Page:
"Their actions, including failing to commit to fund the cost-sharing subsidies, not enforcing the individual mandate, and continuing to push in secret the severely flawed American Health Care Act are eroding confidence health insurers have in the market here and across the nation," he said. "These actions only increase premiums and decrease insurer participation."

Alleigh Marre , a spokeswoman for U.S. Department of Health and Human Services, in response said, "This news is not surprising nor is it unique to Washington state."

"Obamacare has delivered higher prices and fewer choices for years. Last year alone 83 insurers left the Obamacare marketplace leaving millions of Americans paying more and getting less," Marre said. "Now is the time to advance real health-care reform that empowers individuals and families with the choices and resources they need to buy a plan that meets their health-care needs without breaking their budgets."

Pam MacEwan, CEO of the Washington Health Benefit Exchange, said, "Despite the strength and stability of our state's marketplace efforts, we were disappointed with the health insurance filing proposals submitted with the Office of the Insurance Commissioner for participation on the 2018 exchange."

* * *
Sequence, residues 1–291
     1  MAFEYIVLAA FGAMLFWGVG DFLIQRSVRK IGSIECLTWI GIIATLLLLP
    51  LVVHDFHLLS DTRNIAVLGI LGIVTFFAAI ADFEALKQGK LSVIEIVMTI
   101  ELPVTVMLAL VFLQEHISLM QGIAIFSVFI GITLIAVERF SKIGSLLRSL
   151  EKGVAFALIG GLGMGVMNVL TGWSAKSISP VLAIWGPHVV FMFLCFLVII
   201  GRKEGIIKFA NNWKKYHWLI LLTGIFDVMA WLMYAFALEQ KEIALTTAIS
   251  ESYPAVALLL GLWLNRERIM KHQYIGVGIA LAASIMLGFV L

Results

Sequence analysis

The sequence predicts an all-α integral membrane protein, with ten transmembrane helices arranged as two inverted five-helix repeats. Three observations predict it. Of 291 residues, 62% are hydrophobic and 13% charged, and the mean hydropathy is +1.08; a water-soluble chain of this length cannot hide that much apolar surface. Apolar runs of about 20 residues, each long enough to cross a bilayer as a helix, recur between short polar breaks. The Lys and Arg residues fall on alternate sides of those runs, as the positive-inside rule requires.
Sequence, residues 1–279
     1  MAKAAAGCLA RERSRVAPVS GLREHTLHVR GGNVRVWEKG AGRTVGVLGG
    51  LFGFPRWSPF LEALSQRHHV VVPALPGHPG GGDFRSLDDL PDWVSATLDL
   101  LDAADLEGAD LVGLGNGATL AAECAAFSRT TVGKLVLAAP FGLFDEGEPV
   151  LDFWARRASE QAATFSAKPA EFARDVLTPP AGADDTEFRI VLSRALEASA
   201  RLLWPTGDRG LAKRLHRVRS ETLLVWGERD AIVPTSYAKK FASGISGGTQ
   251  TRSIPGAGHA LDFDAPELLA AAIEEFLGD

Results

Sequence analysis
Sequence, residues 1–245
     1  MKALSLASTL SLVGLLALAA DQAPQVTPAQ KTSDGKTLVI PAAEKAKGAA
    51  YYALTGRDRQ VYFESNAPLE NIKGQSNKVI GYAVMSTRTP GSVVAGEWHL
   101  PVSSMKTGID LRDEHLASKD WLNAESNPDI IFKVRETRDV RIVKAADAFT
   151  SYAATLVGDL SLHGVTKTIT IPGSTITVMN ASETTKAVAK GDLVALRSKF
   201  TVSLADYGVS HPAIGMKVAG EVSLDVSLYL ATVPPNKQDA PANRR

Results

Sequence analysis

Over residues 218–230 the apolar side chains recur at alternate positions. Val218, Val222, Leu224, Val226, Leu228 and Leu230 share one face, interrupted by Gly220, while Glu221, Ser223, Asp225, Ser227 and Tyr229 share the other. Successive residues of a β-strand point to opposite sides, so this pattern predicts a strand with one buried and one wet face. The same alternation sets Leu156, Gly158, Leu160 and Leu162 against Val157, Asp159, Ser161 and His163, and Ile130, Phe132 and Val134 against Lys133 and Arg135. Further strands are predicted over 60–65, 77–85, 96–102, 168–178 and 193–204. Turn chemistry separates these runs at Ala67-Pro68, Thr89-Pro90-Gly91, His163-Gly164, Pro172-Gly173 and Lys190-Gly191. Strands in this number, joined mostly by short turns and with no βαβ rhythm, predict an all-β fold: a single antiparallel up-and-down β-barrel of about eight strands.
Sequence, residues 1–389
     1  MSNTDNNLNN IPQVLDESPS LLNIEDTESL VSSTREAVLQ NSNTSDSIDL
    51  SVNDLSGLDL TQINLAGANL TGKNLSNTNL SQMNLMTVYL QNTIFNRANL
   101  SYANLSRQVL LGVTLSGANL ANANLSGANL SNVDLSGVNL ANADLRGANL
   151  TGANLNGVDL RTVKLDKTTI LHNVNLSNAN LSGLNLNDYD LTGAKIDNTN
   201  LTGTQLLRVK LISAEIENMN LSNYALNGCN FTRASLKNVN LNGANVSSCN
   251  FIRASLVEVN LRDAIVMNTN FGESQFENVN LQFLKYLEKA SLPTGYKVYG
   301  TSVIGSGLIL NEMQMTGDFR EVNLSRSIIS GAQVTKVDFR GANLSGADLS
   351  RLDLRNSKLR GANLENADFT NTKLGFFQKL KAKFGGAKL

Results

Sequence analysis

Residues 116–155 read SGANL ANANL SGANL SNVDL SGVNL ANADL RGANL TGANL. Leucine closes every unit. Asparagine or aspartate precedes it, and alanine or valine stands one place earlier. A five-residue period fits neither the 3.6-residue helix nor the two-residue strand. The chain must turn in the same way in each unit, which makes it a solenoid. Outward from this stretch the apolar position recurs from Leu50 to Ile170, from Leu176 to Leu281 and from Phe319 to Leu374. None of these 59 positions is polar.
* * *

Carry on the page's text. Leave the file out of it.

She said that although a number of insurers will return next year, "we also were dismayed by the role federal uncertainty played into the decision of others to discontinue offering products or scale back their existing service areas. This federal uncertainty is tied to whether the administration will continue to fund cost-sharing reductions or enforce the individual mandate."

"What makes today's announcement particularly difficult is that the market forces at work are occurring outside of the exchange's purview and disrupting what was viewed as a stabilizing health insurance marketplace," MacEwan said.